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'A Hard Place to Grow Deer'

‘A Hard Place to Grow Deer’
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I get my wish a half-hour later–along with a deeper appreciation of the issues facing Maine’s winter deer herd. The Lily Bay yard spills over into the planned community of Beaver Cove, a mostly seasonal cluster of homes where eight of the year-round families have been feeding deer this winter. Some of them have been spreading grain. One family puts out dog food; another one, food scraps such as potato and banana peels.

A colleague of Doug Kane’s, Scott McLellan, picks me up and drives me out to meet a retired couple, Mike and Mary Hachey. The Hacheys have set out a mineral lick in their backyard, and since January 1 have been scattering sliced apples twice a day. At 4:30 p.m., Mike Hachey walks out into the plowed area and dumps out the evening allotment. Before he’s even back inside, deer materialize from the woods edging the property, as if called by a dinner bell. Ten, twelve, eighteen of them, all of them looking healthy. A few more tentatively join the crowd; I count 22 in all, and it feels disorienting, slightly thrilling, but weirdly unnatural, as if I’m watching tame deer at a petting zoo’s afternoon feeding.

Along with the calories and nutrition, the feeding of deer brings a number of unintended consequences, from increased road kill and predation by dogs and coyotes, to the potential introduction of food that’s incompatible with a deer’s digestive system, to a loss of ability to find natural food sources. Part of McLellan’s visit is a gentle education campaign. Feeding deer is a politically and emotionally charged issue in Maine, one that biologists would like to discourage.

The snow in the woods around Lily Bay hangs on–not moderately–into May. Of the past 60 winters in north-central Maine, Doug Kane’s data puts this one in the top third in terms of severity. Figures on the deer herd’s mortality won’t be fully evident until the following hunting season, but they immediately help shape the population modeling and number of hunting permits granted statewide–one of the few management tools available to state biologists. In late spring, the last of the families feeding deer in Beaver Cove puts out food for 75–and finally calls the state to ask for help.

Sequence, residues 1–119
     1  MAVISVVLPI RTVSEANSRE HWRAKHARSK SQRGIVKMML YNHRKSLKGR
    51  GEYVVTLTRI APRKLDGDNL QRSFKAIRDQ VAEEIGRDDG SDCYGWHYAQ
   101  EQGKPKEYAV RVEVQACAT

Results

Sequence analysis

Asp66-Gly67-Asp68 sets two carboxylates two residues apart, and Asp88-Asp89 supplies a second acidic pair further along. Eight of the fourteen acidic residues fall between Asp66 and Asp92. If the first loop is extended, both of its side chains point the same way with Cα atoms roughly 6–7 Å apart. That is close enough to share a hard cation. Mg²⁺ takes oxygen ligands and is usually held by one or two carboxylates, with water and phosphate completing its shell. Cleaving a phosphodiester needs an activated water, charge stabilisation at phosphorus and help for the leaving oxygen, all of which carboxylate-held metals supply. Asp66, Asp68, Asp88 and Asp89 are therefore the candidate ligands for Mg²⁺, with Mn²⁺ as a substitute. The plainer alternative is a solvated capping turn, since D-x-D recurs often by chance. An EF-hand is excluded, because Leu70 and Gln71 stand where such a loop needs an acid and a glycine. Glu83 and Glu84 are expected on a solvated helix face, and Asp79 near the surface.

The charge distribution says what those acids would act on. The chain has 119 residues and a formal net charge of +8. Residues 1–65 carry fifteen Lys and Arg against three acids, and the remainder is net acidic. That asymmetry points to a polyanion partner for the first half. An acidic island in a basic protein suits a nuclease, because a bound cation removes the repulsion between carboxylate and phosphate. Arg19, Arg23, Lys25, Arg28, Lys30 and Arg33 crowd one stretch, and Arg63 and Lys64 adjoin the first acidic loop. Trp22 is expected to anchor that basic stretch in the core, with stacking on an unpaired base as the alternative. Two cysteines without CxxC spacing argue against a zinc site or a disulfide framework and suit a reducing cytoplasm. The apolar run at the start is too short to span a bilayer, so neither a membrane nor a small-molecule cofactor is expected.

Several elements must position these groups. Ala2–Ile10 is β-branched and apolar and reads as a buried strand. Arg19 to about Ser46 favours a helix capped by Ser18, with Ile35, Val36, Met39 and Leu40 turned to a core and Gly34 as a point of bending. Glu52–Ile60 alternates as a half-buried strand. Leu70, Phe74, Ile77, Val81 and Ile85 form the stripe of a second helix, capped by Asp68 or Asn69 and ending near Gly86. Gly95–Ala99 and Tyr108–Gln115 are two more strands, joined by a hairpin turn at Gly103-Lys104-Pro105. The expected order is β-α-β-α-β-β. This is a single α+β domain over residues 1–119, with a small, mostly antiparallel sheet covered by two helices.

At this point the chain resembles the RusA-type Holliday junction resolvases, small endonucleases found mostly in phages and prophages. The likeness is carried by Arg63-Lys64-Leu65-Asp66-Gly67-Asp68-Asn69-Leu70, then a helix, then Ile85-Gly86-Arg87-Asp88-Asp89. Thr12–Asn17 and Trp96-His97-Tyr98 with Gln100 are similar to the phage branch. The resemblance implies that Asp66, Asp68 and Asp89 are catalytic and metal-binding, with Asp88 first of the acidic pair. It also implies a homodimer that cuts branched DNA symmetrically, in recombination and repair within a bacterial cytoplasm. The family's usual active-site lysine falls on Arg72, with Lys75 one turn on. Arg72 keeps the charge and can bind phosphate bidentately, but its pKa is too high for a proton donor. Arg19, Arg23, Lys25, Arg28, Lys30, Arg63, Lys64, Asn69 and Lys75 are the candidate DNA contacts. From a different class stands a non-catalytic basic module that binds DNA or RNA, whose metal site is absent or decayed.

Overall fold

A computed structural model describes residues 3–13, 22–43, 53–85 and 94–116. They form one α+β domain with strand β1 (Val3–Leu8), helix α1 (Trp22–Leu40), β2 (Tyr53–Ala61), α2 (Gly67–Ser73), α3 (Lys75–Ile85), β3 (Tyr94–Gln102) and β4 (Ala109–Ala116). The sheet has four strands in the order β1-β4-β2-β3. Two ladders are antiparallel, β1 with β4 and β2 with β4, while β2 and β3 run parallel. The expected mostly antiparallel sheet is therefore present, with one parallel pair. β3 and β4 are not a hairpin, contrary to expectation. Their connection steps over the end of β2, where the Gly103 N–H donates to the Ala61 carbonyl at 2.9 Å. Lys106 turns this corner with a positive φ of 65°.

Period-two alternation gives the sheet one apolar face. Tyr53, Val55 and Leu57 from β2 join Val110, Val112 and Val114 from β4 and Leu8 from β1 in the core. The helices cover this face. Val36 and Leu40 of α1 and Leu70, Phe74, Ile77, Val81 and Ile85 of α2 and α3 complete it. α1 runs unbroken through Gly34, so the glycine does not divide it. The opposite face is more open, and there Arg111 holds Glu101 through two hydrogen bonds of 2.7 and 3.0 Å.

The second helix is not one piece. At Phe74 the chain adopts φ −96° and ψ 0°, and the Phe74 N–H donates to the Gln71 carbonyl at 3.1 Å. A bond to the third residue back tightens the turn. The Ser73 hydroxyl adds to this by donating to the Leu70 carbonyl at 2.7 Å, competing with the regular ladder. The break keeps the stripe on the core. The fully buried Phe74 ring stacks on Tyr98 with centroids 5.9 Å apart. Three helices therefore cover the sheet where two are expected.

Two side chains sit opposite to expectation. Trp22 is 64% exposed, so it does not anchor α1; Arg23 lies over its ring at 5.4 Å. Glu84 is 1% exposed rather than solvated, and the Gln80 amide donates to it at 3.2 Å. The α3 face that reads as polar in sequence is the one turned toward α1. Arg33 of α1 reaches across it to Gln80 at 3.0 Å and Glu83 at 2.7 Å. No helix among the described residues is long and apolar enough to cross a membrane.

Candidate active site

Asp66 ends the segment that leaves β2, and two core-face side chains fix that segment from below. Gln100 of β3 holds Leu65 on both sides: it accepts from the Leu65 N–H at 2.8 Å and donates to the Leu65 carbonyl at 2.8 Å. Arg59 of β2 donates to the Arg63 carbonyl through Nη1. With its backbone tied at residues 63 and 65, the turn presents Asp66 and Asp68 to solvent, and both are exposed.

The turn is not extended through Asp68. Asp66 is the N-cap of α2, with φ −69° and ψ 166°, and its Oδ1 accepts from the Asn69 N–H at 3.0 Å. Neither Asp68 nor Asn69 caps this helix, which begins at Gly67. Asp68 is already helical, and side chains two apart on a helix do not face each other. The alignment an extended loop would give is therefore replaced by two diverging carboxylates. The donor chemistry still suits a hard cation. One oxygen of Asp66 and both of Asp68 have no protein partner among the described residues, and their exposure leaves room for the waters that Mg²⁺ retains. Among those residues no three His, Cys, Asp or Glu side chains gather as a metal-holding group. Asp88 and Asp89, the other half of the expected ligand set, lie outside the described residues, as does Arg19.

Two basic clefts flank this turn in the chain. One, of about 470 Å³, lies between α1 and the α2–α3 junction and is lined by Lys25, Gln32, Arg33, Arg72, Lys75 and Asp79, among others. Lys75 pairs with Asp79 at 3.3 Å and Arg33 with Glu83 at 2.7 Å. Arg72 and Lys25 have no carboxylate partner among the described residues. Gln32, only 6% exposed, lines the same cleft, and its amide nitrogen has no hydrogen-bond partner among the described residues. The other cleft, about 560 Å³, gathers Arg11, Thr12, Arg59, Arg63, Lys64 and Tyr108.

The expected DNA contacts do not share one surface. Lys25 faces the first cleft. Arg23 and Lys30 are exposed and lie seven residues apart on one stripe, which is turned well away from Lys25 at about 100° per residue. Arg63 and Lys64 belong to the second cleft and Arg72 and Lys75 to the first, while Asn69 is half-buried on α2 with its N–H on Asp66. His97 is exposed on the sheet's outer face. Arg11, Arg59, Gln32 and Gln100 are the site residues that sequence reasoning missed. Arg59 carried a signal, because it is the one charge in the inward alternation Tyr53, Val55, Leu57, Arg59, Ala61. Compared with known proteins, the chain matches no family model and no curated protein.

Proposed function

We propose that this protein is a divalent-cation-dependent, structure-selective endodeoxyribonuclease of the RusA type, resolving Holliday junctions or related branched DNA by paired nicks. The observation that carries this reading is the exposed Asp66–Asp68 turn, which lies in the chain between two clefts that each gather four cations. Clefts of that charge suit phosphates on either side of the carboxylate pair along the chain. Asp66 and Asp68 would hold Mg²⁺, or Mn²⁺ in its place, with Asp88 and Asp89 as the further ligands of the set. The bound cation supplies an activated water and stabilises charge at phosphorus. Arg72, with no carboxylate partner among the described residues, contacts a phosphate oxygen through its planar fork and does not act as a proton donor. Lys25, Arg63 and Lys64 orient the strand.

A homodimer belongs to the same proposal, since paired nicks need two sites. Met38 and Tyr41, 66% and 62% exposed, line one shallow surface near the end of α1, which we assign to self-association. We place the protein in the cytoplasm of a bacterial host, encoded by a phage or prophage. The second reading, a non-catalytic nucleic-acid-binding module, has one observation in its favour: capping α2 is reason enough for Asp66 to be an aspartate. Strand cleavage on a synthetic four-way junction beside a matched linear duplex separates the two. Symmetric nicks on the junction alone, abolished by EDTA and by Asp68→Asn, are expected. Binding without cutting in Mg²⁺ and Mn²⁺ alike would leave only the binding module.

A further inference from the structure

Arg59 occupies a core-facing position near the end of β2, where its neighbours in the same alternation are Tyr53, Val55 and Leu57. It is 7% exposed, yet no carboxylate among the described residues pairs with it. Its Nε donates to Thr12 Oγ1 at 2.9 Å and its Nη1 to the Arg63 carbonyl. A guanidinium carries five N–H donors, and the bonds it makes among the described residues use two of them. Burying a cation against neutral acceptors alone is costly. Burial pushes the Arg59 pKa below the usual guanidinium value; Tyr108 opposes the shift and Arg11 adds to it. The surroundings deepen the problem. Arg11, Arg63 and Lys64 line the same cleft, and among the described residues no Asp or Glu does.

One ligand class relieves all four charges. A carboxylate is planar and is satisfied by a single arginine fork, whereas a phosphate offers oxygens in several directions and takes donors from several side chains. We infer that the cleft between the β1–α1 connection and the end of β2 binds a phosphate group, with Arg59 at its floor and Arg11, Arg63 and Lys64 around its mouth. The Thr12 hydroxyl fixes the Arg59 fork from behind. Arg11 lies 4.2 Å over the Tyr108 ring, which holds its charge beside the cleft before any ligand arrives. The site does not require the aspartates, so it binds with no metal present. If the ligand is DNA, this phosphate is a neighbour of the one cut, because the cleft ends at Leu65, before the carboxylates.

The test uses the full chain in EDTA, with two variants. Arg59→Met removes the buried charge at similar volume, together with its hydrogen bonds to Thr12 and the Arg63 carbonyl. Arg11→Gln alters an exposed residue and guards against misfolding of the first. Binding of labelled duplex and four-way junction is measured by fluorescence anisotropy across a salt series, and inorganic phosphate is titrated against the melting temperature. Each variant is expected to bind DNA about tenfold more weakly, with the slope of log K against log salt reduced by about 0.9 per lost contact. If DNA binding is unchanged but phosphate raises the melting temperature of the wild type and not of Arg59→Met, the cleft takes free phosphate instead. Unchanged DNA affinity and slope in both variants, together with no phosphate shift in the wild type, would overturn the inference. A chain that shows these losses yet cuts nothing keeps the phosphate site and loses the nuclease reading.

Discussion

I phone wildlife biologist Lee Kantar, the deer and moose spokesman for Maine’s Department of Inland Fisheries and Wildlife. Kantar is a thoughtful, measured speaker who understands the frustration that hunters feel about the diminishing deer herd; he empathizes with residents’ desire to do something to help.

He also has a clear view of a larger picture, one unclouded by mythology and emotion. “Hunters remember the good old days,” he says. “Post-World War II, post-wolf, pre-modern forestry, pre-road density, pre-snowshoe hare and coyote. The reality is that deer are responding to large landscape-level changes to the northern forest over several decades.”

The trajectory, he points out, has been downward since the spruce budworm epidemic more than 30 years ago; it devastated a huge part of the working forest and led to a massive salvage operation, which destroyed a lot of forest. Partly in response, environmentalists helped push for a law that limited the clear-cutting that timber companies could do. To continue meeting their volume needs, the industry then built more roads, accessing additional areas.

“Good winter habitat has been severely reduced,” Kantar says, “and meanwhile, winter does what winter does. Everyone wants us to do something, but we’re limited by biological and ecological reality. And the reality is: Maine is an awfully hard place to grow deer.”

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